Grahic Jump LocationF9 :

Fluorescence energy distribution of correlated GFP-DiD events in the short and long channels.

Limitation of In Vivo Long-Term Measurements

The fiber-optic probe provides a minimally invasive way for conducting in vivo measurements deep inside the native environment of the body. Our two-photon fluorescence probe configuration is based on one single-mode fiber (SMF). The fiber probe is thus tiny and virtually weightless. We can insert the fiber into large blood vessel through the help of a syringe needle. We have demonstrated the technique by inserting the fiber through a 30-gauge needle and placing the fiber probe into experimental tumors or organs. Because of its light weight, the fiber-needle complex can be easily fixed on the animal, as in the intravenous injection. Therefore, this technique is very suitable for long-term in vivo measurements. However, the movement of the animals needs to be limited appropriately to avoid dragging or damaging of the fiber probe due to acute animal actions. Nevertheless, anesthesia, which limits the maximum runtime in animal experiments, is not needed throughout the course of the experiment. Therefore, it is feasible to perform long-term monitoring over an extended period using the proposed methodology.

In summary, a fiber-optic-based two-photon excitation flow cytometry system has been developed. A double-clad optical fiber is used as a probe inserted into a flow channel or an organ to achieve an intrinsic signal collection efficiency comparable to a long working distance objective lens in free space. The use of a single inserted fiber to excite and detect multiphoton fluorescence, however, circumvents scattering and absorption problems and leads to a significantly enhanced event detection efficiency in blood relative to free-space optics. The corpuscular nature of whole blood has negligible effect on the detected signal strength. A high detection efficiency of GFP-expressing cells in 50% whole blood and in vivo is demonstrated, despite the strong spectral overlap of the GFP emission with blood absorption and autofluorescence. The ability to conduct multichannel detection with multiphoton excitation makes it possible to efficiently detect GFP-expressing cells in vivo despite the presence of a noisy autofluorescence background in the corresponding wavelength channel. The ability to efficiently detect GFP-expressing cells in vivo may advance the understanding of caner metastasis in preclinical animal models. The capability to access large blood vessels may make this technique a practical solution for long-term, real-time monitoring of rare circulating cells in disease diagnosis. For future clinic applications, with the developments of human CTC-specific fluorescently tagged markers such as the Herceptin antibody for the detection of HER2-expressing breast tumor cells,32 or folic acid (FA)–conjugated fluorescent nanoparticles5,25 for the detection of FA receptor-expressing CTC such as that originating from an ovarian tumor, and further engineering of the probe to increase the detection efficiency, this might be possible when these CTC-specific agents are administered appropriately into the body.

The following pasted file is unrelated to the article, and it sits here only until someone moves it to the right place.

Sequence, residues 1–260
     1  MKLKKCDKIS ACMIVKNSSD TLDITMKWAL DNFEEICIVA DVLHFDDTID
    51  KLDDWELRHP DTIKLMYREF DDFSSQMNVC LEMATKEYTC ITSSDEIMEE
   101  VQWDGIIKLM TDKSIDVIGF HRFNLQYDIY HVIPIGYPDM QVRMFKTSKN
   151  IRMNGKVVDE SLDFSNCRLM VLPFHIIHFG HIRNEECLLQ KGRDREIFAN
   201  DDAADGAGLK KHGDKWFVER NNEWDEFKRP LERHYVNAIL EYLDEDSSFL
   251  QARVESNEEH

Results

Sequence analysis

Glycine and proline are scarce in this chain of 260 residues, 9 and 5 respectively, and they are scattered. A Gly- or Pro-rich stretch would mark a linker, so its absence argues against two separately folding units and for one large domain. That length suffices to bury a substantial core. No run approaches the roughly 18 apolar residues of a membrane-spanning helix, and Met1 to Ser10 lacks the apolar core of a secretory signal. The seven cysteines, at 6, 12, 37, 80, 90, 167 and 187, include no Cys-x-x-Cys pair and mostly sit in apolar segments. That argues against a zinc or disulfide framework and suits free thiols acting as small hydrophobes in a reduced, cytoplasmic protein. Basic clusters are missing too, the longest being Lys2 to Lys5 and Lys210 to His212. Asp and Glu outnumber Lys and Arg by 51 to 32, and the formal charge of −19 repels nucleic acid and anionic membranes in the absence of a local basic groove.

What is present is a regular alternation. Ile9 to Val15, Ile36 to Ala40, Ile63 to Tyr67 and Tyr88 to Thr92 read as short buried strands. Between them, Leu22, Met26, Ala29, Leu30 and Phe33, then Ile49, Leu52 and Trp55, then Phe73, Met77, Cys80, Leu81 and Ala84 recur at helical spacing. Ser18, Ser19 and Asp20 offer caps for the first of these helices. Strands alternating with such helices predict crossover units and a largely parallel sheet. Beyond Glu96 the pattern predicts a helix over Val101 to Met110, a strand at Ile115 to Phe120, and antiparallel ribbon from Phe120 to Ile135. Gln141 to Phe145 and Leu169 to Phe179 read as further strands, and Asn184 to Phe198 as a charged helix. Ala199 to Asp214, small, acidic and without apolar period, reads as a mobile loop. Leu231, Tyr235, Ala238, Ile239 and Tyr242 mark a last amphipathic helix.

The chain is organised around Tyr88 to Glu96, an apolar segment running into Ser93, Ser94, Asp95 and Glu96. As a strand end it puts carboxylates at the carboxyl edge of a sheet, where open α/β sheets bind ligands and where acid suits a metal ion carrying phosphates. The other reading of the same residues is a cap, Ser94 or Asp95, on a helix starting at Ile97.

The authors would like to express thanks for the support of federal funds from the National Cancer Institute, National Institutes of Health, under Awards Nos. 1 R33 CA112141 and 1 R21 RR021893.

Pantel  K., , Brakenhoff  R. H., , and Brandt  B., “ Detection, clinical relevance, and specific biological properties of disseminating tumour cells. ,” Nat. Rev. Cancer.  1474-175X 8, (5 ), 329–340  ((2008)).
Weissleder  R., and Pittet  M. J., “ Imaging in the era of molecular oncology. ,” Nature (London).  0028-0836 452, (7187 ), 580–589  ((2008)).
Cristofanilli  M., , Budd  G. T., , Ellis  M. J., , Stopeck  A., , Matera  J., , Miller  M. C., , Reuben  J. M., , Doyle  G. V., , Allard  W. J., , Terstappen  L. W., , and Hayes  D. F., “ Circulating tumor cells, disease progression, and survival in metastatic breast cancer. ,” N. Engl. J. Med..  0028-4793 351, (8 ), 781–791  ((2004)).
Ignatiadis  M., , Xenidis  N., , Perraki  M., , Apostolaki  S., , Politaki  E., , Kafousi  M., , Stathopoulos  E. N., , Stathopoulou  A., , Lianidou  E., , Chlouverakis  G., , Sotiriou  C., , Georgoulias  V., , and Mavroudis  D., “ Different prognostic value of cytokeratin-19 mRNA-positive circulating tumor cells according to estrogen receptor and HER2 status in early-stage breast cancer. ,” J. Clin. Oncol..  0732-183X 25, (33 ), 5194–5202  ((2007)).
He  W., , Wang  H. F., , Hartmann  L. C., , Cheng  J. X., , and Low  P. S., “ In vivo quantitation of rare circulating tumor cells by multiphoton intravital flow cytometry. ,” Proc. Natl. Acad. Sci. U.S.A..  0027-8424 104, (28 ), 11760–11765  ((2007)).
Tkaczyk  E. R., , Zhong  C. F., , Ye  J. Y., , Myc  A., , Thomas  T., , Cao  Z., , Duran-Struuck  R., , Luker  K. E., , Luker  G. D., , Norris  T. B., , and Baker  J. R., “ In vivo monitoring of multiple circulating cell populations using two-photon flow cytometry. ,” Opt. Commun..  0030-4018 281, (4 ), 888–894  ((2008)).